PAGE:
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Controlling for Take-Off

When my daughter was raising little ones, I first heard of the helicopter analogy. It paints a picture of a fussing, overly solicitous mom who is fearful to let Tommy toddler try anything new without the constant whirring of her benevolent blades. Then, just as the helicopter hovers over its occupants even after they have disembarked, so we often continue trying to control our children even when they are grown and gone, creating the kind of draft that causes our offspring to duck out of the way. The current is often so great that they feel helpless to be free of its influence—an influence that haunts them and continues to disturb their adult lives. If they do get away, they don’t come back.


We hover because we think we can preside over all the eventualities of our children’s lives. Of course genuine, responsible guidance is essential, especially to ensure the physical welfare of a small child. But we often go beyond what’s necessary, thinking that if only we stay near to oversee, then we will be able to make sure no evil befalls them.

We are often unaware that the draft we cause with our fussing actually blows our children off course and out of the wind of the Spirit who is directing their lives. Someone once compiled a list of a few examples of how our natural proclivities as mothers sometimes get in the way of the greater good:

•    Being a mother is wanting to pick up your children each time they fall, but teaching them to pick themselves up instead.
•    Being a mother is wanting to keep them from all hurt and harm, but knowing that they must be taught to take care of themselves.
•    Being a mother is wanting to give them the best of everything, but knowing they will value life more if they wait and work for many of their rewards.

My own mothering life is replete with illustrations of yours truly as Helicopter Mom. Many years ago, one of our sons was living alone some distance from us, where he was working just before going to college. From every communication I had with him, it appeared that his life was one catastrophe after another. Following one telephone conversation, I slumped down into the chair saying, “God, please do something.”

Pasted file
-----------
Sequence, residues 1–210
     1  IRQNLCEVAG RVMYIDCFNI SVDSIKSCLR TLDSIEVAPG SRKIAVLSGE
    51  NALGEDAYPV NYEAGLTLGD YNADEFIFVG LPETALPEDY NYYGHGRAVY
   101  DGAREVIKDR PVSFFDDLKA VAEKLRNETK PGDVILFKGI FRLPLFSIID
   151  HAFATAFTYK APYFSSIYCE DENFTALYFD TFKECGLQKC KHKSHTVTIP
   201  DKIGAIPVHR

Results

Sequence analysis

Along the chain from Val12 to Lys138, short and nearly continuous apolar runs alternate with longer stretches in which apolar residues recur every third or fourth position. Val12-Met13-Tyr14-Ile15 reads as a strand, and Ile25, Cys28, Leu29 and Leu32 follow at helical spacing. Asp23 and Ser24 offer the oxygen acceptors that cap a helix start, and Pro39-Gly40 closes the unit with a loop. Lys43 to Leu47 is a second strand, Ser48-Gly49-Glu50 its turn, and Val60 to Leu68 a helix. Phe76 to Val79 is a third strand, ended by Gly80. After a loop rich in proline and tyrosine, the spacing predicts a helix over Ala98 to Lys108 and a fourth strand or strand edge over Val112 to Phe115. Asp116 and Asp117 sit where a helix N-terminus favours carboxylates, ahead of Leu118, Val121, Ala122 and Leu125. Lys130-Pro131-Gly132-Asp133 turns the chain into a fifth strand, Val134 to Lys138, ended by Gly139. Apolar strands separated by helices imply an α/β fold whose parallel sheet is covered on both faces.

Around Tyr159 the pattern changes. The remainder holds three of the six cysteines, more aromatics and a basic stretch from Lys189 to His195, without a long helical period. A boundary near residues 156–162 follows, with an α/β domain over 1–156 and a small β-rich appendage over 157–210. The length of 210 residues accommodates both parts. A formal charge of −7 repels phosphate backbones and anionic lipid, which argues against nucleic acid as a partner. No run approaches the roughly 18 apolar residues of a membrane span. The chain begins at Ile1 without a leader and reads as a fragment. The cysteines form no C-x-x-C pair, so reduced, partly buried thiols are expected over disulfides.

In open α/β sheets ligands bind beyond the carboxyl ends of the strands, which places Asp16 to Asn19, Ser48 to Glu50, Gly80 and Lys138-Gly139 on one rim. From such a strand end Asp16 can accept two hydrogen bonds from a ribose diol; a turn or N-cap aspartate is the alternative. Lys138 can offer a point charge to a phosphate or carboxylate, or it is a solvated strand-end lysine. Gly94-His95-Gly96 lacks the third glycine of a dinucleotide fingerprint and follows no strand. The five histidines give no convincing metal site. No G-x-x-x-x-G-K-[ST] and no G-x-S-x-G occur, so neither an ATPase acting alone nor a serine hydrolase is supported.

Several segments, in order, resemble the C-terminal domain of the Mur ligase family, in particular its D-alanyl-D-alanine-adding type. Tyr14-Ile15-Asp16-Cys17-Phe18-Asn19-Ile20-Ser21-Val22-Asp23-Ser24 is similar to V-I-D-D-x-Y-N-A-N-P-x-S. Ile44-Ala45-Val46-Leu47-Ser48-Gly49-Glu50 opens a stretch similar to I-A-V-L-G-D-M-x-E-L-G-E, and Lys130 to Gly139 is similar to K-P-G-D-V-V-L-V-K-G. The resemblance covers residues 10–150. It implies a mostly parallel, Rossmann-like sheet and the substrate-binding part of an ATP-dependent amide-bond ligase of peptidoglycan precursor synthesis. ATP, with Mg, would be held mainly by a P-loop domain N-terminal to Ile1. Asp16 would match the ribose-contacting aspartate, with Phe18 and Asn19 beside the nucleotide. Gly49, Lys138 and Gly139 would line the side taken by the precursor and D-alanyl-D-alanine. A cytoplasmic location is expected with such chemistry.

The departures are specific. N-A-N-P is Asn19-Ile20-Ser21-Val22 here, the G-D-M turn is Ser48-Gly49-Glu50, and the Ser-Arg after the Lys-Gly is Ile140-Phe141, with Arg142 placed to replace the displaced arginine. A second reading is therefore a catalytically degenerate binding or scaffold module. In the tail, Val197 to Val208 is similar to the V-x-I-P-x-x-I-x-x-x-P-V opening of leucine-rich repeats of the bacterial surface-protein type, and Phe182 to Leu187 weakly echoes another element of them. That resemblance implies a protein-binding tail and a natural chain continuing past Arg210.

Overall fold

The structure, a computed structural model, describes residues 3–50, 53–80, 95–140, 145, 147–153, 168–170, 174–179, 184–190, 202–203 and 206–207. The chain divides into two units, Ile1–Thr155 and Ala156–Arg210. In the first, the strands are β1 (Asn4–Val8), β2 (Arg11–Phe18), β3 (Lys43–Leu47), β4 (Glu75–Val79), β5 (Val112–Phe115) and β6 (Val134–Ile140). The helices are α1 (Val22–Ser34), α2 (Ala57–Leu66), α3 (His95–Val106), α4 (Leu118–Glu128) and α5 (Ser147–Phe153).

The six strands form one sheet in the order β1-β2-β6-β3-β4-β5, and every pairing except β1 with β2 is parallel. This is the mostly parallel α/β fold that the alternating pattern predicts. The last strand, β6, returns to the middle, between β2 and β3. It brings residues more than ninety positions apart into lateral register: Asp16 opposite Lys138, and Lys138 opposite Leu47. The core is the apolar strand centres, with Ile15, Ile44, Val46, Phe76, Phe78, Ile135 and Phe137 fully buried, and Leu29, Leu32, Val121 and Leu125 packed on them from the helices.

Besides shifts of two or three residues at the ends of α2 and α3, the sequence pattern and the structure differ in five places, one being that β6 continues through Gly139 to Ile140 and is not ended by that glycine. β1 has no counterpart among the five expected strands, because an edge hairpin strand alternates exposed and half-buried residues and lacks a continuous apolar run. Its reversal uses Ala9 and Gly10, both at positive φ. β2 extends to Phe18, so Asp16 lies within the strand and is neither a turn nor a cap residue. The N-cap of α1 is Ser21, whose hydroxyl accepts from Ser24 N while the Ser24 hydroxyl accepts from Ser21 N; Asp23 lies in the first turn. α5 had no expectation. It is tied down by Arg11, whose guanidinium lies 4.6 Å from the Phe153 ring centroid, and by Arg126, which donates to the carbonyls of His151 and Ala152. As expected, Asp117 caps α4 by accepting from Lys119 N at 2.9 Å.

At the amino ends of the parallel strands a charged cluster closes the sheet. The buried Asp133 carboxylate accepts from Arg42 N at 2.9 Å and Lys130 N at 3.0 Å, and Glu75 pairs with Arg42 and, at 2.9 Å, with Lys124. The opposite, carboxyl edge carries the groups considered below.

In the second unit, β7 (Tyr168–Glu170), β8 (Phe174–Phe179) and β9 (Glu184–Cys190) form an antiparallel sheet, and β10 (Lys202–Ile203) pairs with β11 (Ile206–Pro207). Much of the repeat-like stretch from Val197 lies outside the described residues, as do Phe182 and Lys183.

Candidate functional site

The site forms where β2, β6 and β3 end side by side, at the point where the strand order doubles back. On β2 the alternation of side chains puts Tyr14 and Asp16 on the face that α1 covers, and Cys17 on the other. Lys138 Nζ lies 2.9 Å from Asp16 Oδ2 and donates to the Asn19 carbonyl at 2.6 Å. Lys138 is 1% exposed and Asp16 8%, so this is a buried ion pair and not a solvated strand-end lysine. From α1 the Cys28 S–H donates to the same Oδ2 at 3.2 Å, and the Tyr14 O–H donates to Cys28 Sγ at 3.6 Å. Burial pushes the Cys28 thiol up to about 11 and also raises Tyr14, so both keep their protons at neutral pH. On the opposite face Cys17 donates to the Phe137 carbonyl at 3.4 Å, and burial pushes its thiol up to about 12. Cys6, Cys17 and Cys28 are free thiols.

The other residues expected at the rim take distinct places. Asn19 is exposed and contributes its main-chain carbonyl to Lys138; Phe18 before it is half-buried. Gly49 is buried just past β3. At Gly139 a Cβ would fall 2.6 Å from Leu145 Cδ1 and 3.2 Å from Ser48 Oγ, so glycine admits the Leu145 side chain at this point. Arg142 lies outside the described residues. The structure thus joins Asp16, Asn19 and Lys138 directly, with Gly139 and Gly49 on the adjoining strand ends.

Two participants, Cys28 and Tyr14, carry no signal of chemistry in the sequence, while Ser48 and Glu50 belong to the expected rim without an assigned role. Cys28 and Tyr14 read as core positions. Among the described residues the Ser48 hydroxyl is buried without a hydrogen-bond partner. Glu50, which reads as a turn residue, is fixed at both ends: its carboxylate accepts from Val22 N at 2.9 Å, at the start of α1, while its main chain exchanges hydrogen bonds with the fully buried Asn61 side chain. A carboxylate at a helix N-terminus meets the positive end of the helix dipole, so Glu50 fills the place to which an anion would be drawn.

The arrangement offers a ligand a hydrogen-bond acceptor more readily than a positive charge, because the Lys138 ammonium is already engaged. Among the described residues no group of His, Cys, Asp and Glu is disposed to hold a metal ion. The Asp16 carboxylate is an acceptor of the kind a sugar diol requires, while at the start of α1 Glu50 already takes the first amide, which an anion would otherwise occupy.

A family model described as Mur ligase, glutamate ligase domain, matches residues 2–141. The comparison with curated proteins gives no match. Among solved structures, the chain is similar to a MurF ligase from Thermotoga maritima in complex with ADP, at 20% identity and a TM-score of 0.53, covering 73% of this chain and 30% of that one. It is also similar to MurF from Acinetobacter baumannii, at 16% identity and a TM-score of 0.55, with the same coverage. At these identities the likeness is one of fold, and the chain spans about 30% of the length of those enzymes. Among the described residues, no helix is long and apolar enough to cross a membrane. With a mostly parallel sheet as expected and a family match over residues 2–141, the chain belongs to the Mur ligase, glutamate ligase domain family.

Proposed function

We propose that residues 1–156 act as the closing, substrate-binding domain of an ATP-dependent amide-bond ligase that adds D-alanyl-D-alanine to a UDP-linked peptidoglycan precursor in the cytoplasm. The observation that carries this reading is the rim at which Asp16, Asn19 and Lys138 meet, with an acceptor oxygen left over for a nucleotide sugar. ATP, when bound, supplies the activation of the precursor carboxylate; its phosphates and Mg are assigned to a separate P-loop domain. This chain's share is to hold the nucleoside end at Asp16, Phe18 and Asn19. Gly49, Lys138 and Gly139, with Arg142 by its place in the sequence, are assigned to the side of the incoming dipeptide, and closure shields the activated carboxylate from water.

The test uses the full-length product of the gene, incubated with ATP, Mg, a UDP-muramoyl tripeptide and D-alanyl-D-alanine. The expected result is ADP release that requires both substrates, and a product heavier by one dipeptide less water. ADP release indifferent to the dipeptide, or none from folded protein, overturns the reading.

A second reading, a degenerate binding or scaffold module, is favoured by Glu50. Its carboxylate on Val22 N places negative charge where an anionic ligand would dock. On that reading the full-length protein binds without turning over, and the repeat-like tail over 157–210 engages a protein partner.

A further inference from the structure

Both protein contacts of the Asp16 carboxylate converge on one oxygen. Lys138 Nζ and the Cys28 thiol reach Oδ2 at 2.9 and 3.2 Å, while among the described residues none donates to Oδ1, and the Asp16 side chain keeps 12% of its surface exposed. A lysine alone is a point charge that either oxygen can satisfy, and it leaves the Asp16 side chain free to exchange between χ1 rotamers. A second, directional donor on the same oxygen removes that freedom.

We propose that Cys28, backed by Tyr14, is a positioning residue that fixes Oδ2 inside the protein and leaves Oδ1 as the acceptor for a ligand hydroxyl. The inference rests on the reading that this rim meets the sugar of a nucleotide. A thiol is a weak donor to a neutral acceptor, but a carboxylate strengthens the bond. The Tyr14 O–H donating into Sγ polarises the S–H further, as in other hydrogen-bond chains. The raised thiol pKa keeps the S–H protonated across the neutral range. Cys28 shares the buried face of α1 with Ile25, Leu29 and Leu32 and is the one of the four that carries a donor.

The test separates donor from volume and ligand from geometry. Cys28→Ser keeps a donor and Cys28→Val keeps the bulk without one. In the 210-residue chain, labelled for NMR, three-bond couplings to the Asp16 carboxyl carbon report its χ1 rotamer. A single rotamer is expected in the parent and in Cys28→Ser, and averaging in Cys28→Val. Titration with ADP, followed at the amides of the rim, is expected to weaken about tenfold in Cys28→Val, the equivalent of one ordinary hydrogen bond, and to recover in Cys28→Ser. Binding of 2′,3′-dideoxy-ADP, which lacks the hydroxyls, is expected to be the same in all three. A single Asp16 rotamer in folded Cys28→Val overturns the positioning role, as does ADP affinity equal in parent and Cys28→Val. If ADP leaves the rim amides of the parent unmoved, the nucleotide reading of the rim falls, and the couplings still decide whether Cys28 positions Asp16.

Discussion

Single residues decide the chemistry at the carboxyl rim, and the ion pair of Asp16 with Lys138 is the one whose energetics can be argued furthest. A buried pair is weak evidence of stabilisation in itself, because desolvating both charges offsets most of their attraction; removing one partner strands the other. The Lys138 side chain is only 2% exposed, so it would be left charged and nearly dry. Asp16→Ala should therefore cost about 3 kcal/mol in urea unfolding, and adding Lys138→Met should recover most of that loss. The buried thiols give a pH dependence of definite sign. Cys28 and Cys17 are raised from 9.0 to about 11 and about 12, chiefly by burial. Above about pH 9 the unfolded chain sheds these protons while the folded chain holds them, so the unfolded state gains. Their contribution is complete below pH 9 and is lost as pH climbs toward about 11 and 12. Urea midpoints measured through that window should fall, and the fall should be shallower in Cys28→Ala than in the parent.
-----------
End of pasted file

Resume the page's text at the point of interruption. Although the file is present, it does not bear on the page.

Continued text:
The response was swift and searing: “I will, if you get out of the way!”

I was dumbfounded. God could do it!—without my fretting, cajoling, or even sending care packages. And He did. In the heavenly Parent’s own good time, all the issues were resolved—car finally up and running, rent money provided, fingers healed from a nasty accident—and my son took another step on the journey of trusting the God who is everywhere, rather than a mother who is not.

Our love is limited and lacks the divine perspective. As such, our attempts to control can result in over-involvement in our children’s lives that ranges from the ridiculous, like the mother who wanted to go on her daughter’s honeymoon, to the more sinister situation of the son who felt constrained to call his mother when sexual temptation with his fiancée threatened to overtake him. Such was the extent of the toxicity in that unhealthy mother-son relationship. Kenneth M. Adams poses a piercing question for our consideration:

Did you have a parent whose love for you felt more confining than freeing, more demanding than giving, more intrusive than nurturing?

We are in a wonderfully privileged position, and we may well be our child’s best, and most trusted, friend. We do have the responsibility to be available to listen, guide, and model, but our best efforts cannot preside over every outcome. Our calling is simply to stand, confident of the supremacy of God as their perfect Parent. If we stand still, we do not create unwanted currents.

We do the best by our children when we cultivate calmness and model faith instead of fretting and manipulating. As we learn to relinquish our need for control, we are free to love more unconditionally and lend support, rather than running to the rescue. When we allow our children, no matter how little they are, to take responsibility for their own behaviors, we facilitate the flow of health, wholeness, and wisdom in their lives. Dorothy Canfield Fisher, an eighteenth-century writer, rightly said, “A mother is not a person to lean on, but a person to make leaning unnecessary.”

Let’s start early to lift off in our helicopters so our children can run clear of the whirring blades and have the opportunity to know only the wind of God’s Spirit as their guiding force.

Alice Scott-Ferguson is a Scottish-born freelance writer, author, and motivational speaker who lives in Arizona. She writes from her heart as a wife, mother, grandmother, and Christ-follower. Among other books, she is the author of Mothers Can’t Be Everywhere, But God Is : A Liberating Look at Motherhood, from which this post is extracted.